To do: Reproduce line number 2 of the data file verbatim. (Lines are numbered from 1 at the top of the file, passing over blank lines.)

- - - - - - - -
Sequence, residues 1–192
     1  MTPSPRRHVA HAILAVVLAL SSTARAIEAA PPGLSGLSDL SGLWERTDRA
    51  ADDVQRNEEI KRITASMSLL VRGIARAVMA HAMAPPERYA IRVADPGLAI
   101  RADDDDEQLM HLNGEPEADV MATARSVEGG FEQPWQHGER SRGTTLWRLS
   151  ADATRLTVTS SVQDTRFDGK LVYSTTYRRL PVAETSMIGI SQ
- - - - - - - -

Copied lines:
     1  MTPSPRRHVA HAILAVVLAL SSTARAIEAA PPGLSGLSDL SGLWERTDRA